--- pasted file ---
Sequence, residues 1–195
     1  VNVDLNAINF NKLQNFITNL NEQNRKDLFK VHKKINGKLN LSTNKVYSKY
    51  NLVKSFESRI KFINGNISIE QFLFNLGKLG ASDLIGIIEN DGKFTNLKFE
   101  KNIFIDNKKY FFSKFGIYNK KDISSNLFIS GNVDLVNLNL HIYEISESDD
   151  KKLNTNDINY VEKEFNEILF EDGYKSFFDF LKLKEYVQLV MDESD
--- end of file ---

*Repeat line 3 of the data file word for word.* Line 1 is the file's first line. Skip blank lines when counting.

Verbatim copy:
    51  NLVKSFESRI KFINGNISIE QFLFNLGKLG ASDLIGIIEN DGKFTNLKFE